In a study involving nearly 1,000 patients who had head and neck computed tomography angiography (CTA) exams after presenting to the emergency department (ED) with non-focal neurologic complaints, researchers found that 75 percent of the cases were negative, and 7 percent of patients had findings that were unrelated to the original complaint.
For the retrospective study, recently published in the Journal of the American College of Radiology, researchers reviewed data from head and neck CTA exams performed for 960 patients (mean age of 50) who presented to the ED for non-focal neurologic complaints. None of the patients had any history of trauma, recent surgery, or intracranial malignancy, according to the study. The researchers categorized the patients into four groups:
3: acute or emergent findings that may have caused the presenting complaint
2: non-acute or non-emergent findings that may have caused the presenting complaint
1: chronic findings unrelated to the presenting complaint
0: negative findings
The researchers found that only 5.5 of cases involved category 3 findings and 12.5 percent of cases had category 2 findings. Seven percent of the CTA exams revealed findings unrelated to the presenting complaint (category 1) and 75 percent of the cases had no actionable findings at all (category 0), according to the study authors.
In a study involving 960 patients who had head and neck CTA exams after presenting to the emergency department with non-focal neurologic complaints, researchers found that 75 percent of the exams had negative findings and 67 percent of the CTA exams were ordered by non-physician providers (NPPs).
The study authors also found that non-physician practitioners (NPPs) ordered 67 percent of the CTA exams (639 patients), residents ordered 23 percent of the imaging (216 patients) and attending ED physicians ordered 11 percent of the CTA exams (105 patients).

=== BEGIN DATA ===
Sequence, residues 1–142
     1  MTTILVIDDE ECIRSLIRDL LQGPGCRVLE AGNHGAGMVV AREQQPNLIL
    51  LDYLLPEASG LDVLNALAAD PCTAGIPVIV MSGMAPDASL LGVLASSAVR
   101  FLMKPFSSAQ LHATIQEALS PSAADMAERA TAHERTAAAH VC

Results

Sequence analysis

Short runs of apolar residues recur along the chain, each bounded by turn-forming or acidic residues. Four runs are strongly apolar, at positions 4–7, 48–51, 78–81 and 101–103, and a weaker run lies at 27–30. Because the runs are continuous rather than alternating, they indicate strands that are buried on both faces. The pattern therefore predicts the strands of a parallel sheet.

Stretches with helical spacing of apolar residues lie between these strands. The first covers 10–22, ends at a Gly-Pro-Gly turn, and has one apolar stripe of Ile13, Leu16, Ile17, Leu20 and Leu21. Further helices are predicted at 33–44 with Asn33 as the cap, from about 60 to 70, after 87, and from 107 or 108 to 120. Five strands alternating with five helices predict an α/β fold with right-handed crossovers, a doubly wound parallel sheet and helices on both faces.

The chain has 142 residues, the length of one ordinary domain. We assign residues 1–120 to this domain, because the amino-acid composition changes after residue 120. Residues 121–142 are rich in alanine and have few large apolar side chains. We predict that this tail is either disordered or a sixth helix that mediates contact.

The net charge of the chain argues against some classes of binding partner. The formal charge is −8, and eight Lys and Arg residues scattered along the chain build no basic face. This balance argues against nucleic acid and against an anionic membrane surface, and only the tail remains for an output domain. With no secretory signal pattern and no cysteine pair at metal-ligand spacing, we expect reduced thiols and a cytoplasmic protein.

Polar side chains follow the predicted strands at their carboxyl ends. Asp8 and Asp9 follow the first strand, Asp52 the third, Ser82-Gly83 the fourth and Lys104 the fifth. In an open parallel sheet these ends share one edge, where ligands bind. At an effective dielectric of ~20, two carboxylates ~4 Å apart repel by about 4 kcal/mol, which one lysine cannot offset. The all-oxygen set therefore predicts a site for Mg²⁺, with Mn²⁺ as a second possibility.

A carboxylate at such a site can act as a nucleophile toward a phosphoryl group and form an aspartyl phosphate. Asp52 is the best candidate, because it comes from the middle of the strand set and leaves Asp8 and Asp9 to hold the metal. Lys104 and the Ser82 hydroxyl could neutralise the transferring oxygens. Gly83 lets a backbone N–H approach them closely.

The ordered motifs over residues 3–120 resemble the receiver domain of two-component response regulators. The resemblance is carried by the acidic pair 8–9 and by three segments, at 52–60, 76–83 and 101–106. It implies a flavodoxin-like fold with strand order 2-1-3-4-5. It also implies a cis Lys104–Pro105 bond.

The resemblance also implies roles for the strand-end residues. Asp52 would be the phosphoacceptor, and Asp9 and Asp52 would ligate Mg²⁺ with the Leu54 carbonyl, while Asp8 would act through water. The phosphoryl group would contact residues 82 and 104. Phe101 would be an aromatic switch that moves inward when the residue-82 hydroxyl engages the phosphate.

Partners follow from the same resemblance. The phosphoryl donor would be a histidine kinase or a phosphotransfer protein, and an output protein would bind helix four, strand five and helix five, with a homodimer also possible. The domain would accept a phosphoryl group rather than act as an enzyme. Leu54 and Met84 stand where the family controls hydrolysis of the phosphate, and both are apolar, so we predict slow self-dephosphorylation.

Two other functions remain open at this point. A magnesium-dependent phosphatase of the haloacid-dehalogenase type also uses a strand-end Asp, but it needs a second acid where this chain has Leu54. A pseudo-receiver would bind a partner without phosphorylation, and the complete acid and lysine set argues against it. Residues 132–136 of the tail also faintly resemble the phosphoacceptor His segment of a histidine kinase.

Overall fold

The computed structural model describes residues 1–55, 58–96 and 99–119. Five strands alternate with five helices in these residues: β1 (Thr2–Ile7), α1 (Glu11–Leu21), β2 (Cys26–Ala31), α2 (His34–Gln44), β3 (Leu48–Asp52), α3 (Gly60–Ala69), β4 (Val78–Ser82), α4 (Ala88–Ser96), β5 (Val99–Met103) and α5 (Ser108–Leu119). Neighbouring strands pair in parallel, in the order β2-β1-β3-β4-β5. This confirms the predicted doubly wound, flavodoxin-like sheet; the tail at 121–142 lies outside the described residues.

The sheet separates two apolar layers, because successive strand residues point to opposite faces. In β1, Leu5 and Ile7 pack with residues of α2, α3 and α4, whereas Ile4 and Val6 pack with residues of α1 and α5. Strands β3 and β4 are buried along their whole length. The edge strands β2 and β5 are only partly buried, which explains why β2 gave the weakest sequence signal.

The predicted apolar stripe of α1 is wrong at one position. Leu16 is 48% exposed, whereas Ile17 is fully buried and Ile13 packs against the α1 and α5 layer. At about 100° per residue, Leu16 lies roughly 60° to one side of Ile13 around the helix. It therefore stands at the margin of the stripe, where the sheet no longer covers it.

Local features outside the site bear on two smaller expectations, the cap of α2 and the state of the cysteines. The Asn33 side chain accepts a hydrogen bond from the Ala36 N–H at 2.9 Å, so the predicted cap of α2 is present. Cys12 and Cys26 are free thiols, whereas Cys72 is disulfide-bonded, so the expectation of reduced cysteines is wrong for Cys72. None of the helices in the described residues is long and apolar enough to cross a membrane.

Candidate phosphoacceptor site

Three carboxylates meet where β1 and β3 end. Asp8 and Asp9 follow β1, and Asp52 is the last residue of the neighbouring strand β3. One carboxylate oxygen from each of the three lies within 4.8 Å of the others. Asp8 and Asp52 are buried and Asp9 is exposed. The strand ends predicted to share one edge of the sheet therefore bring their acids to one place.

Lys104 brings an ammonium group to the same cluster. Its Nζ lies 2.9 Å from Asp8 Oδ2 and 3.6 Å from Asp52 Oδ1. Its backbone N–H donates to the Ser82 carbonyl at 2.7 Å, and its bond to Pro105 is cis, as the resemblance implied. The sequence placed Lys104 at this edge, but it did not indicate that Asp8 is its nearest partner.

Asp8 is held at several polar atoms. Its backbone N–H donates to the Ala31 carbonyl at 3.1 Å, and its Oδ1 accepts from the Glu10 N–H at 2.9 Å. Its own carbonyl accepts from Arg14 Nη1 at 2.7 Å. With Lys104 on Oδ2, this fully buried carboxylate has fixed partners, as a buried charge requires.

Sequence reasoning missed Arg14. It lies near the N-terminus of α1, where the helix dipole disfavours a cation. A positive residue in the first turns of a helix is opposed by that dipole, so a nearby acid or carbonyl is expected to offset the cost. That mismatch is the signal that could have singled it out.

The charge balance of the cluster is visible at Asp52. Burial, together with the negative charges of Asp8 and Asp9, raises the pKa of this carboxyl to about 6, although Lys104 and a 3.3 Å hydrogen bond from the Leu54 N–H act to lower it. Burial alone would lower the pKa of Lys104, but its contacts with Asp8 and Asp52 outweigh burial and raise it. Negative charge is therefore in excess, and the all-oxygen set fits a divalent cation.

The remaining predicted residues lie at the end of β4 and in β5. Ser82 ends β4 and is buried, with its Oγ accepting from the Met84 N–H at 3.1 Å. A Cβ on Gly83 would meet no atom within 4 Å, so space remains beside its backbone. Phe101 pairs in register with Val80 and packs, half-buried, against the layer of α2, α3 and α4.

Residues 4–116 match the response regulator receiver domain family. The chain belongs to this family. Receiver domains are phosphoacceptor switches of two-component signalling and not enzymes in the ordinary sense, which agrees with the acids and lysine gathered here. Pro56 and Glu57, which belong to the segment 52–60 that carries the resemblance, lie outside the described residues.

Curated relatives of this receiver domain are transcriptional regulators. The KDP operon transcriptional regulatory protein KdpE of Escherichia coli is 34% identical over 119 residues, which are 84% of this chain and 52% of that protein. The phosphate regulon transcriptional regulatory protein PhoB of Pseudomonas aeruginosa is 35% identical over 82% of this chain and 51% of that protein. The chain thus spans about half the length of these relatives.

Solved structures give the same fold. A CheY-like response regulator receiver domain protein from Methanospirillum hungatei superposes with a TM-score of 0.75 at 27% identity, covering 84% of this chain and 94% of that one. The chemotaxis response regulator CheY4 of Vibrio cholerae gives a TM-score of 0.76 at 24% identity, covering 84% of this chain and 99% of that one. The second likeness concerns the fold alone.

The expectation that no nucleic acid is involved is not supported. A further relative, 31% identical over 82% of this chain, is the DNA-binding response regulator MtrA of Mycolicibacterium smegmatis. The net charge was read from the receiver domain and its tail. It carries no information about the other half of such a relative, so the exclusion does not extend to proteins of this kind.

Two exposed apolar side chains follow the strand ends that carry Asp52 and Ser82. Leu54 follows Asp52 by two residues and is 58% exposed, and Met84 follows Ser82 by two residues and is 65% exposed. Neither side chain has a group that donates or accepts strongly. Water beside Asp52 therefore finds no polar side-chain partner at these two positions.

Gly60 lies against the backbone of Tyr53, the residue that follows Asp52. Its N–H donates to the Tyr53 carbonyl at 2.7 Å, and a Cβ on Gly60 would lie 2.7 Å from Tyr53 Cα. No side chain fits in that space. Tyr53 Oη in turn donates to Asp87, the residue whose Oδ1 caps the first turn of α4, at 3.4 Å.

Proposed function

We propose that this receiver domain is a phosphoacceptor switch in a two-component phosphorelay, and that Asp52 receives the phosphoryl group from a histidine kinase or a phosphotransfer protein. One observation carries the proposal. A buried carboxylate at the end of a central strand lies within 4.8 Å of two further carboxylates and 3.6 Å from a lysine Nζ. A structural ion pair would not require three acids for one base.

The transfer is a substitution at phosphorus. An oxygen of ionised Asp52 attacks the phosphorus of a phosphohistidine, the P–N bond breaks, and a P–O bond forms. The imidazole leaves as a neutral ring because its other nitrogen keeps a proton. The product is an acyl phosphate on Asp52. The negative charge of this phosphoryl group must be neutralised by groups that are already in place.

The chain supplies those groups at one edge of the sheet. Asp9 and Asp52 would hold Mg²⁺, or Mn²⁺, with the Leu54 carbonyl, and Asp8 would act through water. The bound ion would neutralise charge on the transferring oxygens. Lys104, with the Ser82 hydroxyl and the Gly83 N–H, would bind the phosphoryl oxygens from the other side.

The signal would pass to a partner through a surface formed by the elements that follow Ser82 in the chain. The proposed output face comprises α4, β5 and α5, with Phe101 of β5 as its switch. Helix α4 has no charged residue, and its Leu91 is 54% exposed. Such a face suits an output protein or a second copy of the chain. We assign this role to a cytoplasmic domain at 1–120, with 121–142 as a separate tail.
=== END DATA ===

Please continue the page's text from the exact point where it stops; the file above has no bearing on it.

“The results of this study demonstrate that low-yield imaging was performed by ED practitioners at all levels of training,” wrote study co-author Karen Buch, M.D., who is an Associate Professor of Radiology at Harvard Medical School, and colleagues. “However, relatively decreased rates of negativity were seen with more experienced providers, such as the ED department attendings. This suggests that experience of the ED practitioner may influence the utilization of advanced imaging. … This is salient since there is a national trend towards increased NPPs caring for ED patients.”
Three Key Takeaways
1. High incidence of unnecessary imaging. The study highlights that over 80 percent of head and neck CT angiography (CTA) exams performed in the emergency department (ED) for patients with non-focal neurologic complaints had no actionable findings. This suggests a significant overutilization of imaging in this patient population, potentially leading to unnecessary radiation exposure and healthcare costs.
2. Non-physician practitioners (NPPs) ordering imaging. The research found that 67 percent of the CTA exams were ordered by non-physician practitioners (NPPs), such as nurse practitioners or physician assistants. This emphasizes the need for improved education and guidelines for NPPs regarding appropriate imaging utilization to reduce low-yield imaging.
3. Variability in ordering practices. Experienced ED attendings were less likely to order low-yield imaging compared to NPPs. This suggests that the experience and training level of the healthcare provider can influence the appropriateness of advanced imaging orders.
Buch and colleagues found that in comparison to CTA exams ordered by NPPs, CTA exams ordered by ER attendings or residents were 117 percent more likely to reveal severity findings of category 2 or higher. Exams ordered by attending ER physicians were 195 percent more likely to detect high severity scores and CTA exams ordered by resident physicians were 81 percent more likely to show high severity in comparison to CTA exams ordered by NPPs, according to the study authors.
“Future multidisciplinary education efforts coupled with additional imaging-ordering support platforms should be explored to address this pattern and reduce variability in ordering imaging studies,” added Buch, who is affiliated with the Department of Radiology at the Massachusettes General Hospital in Boston, and colleagues.
(Editor’s note: For related content, see “Practical Insights on CT and MRI Neuroimaging and Reporting for Stroke Patients,” “Emergency Department Radiology: Study Shows Higher Imaging Orders by NPPs” and “Is CT Imaging Overutilized in the ER?”)
Noting that there were dedicated CT and MRI scanners in the emergency department at the single level one trauma and level one stroke center where the study took place, the researchers conceded the study results may not apply to a broader population of patients. With the exception of acute code stroke patients, the study authors acknowledged the lack of a standard workup algorithm for patients with neurological deficits at their facility. Required radiologist approval of MRI exams may have been a contributing factor for increased ordering of CTA studies, according to the researchers.